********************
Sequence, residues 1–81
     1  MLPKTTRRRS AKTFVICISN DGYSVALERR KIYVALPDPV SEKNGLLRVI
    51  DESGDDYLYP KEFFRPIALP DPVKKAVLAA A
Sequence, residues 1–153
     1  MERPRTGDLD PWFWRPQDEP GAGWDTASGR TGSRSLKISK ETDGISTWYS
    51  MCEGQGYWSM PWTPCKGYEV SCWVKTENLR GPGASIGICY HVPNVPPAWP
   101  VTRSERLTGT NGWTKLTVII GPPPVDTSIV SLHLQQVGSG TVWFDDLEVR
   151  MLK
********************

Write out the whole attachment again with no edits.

Sequence, residues 1–81
     1  MLPKTTRRRS AKTFVICISN DGYSVALERR KIYVALPDPV SEKNGLLRVI
    51  DESGDDYLYP KEFFRPIALP DPVKKAVLAA A
Sequence, residues 1–153
     1  MERPRTGDLD PWFWRPQDEP GAGWDTASGR TGSRSLKISK ETDGISTWYS
    51  MCEGQGYWSM PWTPCKGYEV SCWVKTENLR GPGASIGICY HVPNVPPAWP
   101  VTRSERLTGT NGWTKLTVII GPPPVDTSIV SLHLQQVGSG TVWFDDLEVR
   151  MLK